The Public Radio podcast
show, RadioLab, the radio version of which is heard on MPR on Saturday afternoons, is getting significant pushback for its handling of an interview with a Hmong veteran in the Twin Cities. on last weekend’s broadcast
Eng Yang, was living in a village in Laos in 1975, when it was targeted by Viet Cong and Pathet Lao. Eng says it started with isolated killings, until one day, his whole village was attacked, the story goes.
He and thousands of other Hmong fled their homes and went into hiding in the jungle. And that’s when they started seeing it — yellow droplets that fell from the sky and splattered the landscape, followed by dying plants, animals, and eventually friends and family doubled over with stomach problems.
When US scientists looked at the yellow spots, they found poison, and pretty soon “Yellow Rain” as it was known, had become a flashpoint in the cold war.
It was alleged that the Soviet Union was responsible, so the U.S. created its own chemical weapon bomb.
Here’s the full segment:
The “yellow rain” turned out to be bee feces.
That’s when host Robert Krulwich went back to Eng Yang, and his niece Kao Kalia Yang, who was translating.
At that point, the tight editing and fancy production values of the show ended, and Eng Yang was put on the spot, with Krulwich arguing with both as if he were a cross-examining attorney.
RadioLab appeared to sandbag the family in the most embarrassing way:
What makes the interview particularly uncomfortable is that RadioLab already knew how it ended before beginning to tell the rest of us the story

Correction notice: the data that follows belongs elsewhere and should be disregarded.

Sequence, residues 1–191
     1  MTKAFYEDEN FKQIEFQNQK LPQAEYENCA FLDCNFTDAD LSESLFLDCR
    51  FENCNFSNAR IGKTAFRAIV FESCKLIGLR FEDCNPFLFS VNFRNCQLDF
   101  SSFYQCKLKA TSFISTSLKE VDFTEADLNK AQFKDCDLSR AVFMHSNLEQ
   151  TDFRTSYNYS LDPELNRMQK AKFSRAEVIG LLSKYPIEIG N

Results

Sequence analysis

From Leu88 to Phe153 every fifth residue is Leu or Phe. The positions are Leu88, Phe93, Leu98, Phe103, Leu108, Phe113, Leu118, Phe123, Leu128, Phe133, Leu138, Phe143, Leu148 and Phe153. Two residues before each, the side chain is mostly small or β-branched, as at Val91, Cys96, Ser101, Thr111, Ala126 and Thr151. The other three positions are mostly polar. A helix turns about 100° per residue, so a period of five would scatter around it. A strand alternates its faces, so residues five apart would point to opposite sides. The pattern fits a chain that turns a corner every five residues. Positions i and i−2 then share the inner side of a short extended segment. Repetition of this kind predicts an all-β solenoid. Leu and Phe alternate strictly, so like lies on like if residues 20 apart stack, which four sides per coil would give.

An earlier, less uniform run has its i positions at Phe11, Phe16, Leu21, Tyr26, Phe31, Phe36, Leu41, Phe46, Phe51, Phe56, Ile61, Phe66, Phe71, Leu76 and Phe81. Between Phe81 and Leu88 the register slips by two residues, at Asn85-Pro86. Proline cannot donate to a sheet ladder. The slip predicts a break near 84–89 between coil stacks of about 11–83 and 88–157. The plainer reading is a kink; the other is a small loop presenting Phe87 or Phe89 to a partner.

on Saturday. It led us down a particular pathway of a story, and then dropped the end of the interview on us, as if they didn’t know the pain they found. One producer noted — correctly — that the story appeared — at least to Eng Yang and his niece — to invalidate the Hmong loss and suffering in Laos. If it knew that, why not package and edit the story in a more sensitive way?
Jad Abumrad of RadioLab wrote an update yesterday:
The point of the story — if the story can be said to have a point — is that these kinds of forensic or scientific investigations into the truth of a situation invariably end up being myopic. They miss and sometimes even obscure hugely important realities. Like a genocide.
That’s not a point we set out to make. It’s something that arose organically when our producer, Pat Walters, realized, and then openly admitted on tape, that he felt he’d missed something. That is why we included the lengthy and painful exchange with Kao Kalia Yang, even though it may not have been flattering to us. Our goal in our ending conversation was not to be pedantic or insensitive but to be transparent. That was an honest in-the-moment conversation about honest differences.
All that said, the thing I’d most like to respond to is accusations that we were cavalier in our response to the pain that Kalia and her uncle Eng were expressing.